hives plus nuc

Points to consider in brief:

  1. ABOBA – cultivating unused land to grow forage and promote biodiversity!
  2. Beneficial for the natural environment
  3. Advantage for other beekeepers
  4. Planting trees and shrubs that bees like we may grow cuttings and sell them cheaply if they are decorative or yield a crop or we may give them away if they only have insignificant flowers
  5. Establishing the idea of using unused land
  6. Establishing the idea of moving bees around
  7. Unusual crops – what sort of honey?
  8. Unusual crops – what sort of honey?
  9. We need to research plants that flower and also produce a saleable crop.
  10. Placing hives to pollinate other people’s crops.
  11. Free seeds_ subsidised seeds from UK sponsorship “Bees Abroad” etc..
  12. Assess the quality of different food crops, vegetables fruit etc. as forage, sic woodruff has been cited as medicinal. Basuk, (ginger) adewah (coriander), beans, pahpaar (buckwheat), oranges and other citrus etc etc

13 Blackberries, (Nepalese version), also used as fencing, cultivate and sell small plants

  1. Free seeds_ subsidised seeds from UK sponsorship “Bees Abroad” etc.
  2. Possibly a bolt together hive for site use and other hives for transport. Legs not glued but only bolted on.
  3. If the Beekeeper is to move his bees to take advantage of available or best quality forage Mobility is important as is ease of management of the colonies.
  4. A bigger tractor for hire, budget required.
  5. Placing hives to pollinate other people’s crops.
  6. Crops where pollination is a problem for farmers.
  7. Cooperatives. (study.)
  8. Hive design. (continuing study.)
  9. Forage plants. (study.)




Aims and objectives

  1. To promote the productive and sustainable husbandry of Apis cerana, maximising productivity of pure Organic Honey, whilst using methods of husbandry that ensure the wellbeing of the bees as a colony and as part of the local ecology.
  2. To find, modify or design, a hive or hives that best meet the requirements of the local beekeepers.
  3. To promote mutual assistance, the exchange of ideas and tested methods of husbandry amongst members and local communities.
  4. To provide educational facilities in the form of designated teaching apiaries.
  5. To promote an interest in the study of Entomology and Botany in the local youth.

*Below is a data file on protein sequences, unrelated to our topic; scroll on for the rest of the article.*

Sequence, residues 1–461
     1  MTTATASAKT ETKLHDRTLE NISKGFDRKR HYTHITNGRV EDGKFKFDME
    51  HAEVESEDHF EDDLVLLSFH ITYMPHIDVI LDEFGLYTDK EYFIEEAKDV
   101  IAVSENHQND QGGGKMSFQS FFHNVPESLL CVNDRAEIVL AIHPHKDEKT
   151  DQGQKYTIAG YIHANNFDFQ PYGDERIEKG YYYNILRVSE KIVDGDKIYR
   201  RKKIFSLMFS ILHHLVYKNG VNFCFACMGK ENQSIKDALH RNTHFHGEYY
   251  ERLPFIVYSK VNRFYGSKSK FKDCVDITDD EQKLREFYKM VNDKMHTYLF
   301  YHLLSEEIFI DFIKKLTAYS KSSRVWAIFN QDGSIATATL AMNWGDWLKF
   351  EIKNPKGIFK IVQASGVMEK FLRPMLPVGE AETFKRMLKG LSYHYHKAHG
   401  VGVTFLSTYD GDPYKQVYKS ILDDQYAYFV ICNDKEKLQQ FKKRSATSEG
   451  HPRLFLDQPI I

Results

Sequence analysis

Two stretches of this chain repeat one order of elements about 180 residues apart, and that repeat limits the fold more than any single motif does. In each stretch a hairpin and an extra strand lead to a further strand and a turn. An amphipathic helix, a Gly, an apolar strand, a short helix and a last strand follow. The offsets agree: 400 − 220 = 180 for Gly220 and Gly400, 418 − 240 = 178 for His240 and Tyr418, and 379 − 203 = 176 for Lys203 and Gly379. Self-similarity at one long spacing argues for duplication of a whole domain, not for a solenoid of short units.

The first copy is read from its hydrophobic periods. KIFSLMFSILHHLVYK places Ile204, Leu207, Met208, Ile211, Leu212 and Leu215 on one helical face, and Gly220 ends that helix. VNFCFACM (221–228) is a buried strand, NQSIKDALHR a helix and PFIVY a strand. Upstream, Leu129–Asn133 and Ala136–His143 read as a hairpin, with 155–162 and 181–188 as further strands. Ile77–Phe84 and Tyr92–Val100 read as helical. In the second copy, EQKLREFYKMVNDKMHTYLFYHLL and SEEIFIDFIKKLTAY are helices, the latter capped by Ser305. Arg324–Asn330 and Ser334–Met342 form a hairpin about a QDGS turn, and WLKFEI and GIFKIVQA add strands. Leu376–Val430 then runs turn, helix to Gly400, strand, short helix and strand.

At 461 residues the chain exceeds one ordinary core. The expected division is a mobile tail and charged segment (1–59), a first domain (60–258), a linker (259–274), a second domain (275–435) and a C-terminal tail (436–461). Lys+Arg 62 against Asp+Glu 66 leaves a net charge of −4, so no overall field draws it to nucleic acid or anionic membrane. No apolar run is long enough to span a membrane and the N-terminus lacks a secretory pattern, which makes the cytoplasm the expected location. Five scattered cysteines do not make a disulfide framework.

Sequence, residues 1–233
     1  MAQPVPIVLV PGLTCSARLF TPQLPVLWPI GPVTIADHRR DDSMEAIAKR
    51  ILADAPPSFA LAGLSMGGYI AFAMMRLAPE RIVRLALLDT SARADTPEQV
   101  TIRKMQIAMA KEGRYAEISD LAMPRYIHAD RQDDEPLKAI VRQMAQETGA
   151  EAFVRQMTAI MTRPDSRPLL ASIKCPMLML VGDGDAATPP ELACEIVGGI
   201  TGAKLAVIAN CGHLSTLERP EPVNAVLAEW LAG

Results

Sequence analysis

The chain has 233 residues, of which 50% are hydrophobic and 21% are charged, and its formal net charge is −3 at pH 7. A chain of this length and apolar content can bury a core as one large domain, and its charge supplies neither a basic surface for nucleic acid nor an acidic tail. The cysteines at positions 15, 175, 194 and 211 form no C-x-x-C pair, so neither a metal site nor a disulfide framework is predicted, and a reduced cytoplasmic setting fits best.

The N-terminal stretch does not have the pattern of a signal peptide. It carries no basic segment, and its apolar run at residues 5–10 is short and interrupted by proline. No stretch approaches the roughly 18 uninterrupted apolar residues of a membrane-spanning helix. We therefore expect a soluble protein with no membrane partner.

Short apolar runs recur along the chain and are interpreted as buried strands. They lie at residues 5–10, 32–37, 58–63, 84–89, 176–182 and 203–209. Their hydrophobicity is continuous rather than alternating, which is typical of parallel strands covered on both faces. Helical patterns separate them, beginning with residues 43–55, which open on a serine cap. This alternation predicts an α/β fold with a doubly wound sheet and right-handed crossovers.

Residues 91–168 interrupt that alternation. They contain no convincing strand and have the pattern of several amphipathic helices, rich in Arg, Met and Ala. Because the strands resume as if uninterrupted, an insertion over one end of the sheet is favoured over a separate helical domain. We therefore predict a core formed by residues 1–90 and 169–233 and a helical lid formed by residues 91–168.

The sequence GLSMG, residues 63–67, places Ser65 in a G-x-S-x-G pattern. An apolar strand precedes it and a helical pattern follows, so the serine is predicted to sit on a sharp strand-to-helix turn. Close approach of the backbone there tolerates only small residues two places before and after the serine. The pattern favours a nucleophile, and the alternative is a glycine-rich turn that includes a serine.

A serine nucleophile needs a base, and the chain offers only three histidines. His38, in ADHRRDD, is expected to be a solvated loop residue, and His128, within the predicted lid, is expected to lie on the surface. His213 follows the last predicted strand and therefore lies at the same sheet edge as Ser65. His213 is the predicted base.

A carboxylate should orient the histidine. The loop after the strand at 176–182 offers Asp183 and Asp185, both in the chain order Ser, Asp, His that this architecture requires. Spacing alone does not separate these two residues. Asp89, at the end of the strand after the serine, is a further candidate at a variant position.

6. To advise, any interested parties, on how to best exploit the products of the Bees and on Organic beekeeping in general.
  7. To promote the nutritional and medical properties of Organic Honey.
  8. To promote the (natural) biodiversity of local environments.
  9. To highlight any advantages, to the local environment, of A. cerana over A. mellifera.
  10. To promote and assist local cooperative enterprise, which shares the association’s aims and objectives, relating to People and the Natural Environment.

ABOBA- notes on Aims and Objectives:

1/ This implies not using any substances dangerous to the bees, people or the environment. The use of purchased foundation of unknown provenance or from sources that use chemicals at any stage of its production may not meet this criteria. This also impacts on the husbandry of the Bees and the type of hive used.

2/ Factors to be considered for the choice of the hive or hives are as follows: productivity, ease of management and manipulation, the facility to control and prevent swarming and absconding and the cost to build or buy which may be governed by ease of construction and local resources of skills and materials. The assoc. may be able to make the loan of a horizontal TBH to members, for a season, so that they can evaluate it for their own use. A Newton hive can be converted to a vertical TBH or to Top bar brood and framed supers using no foundation and ABOBA can advise on this.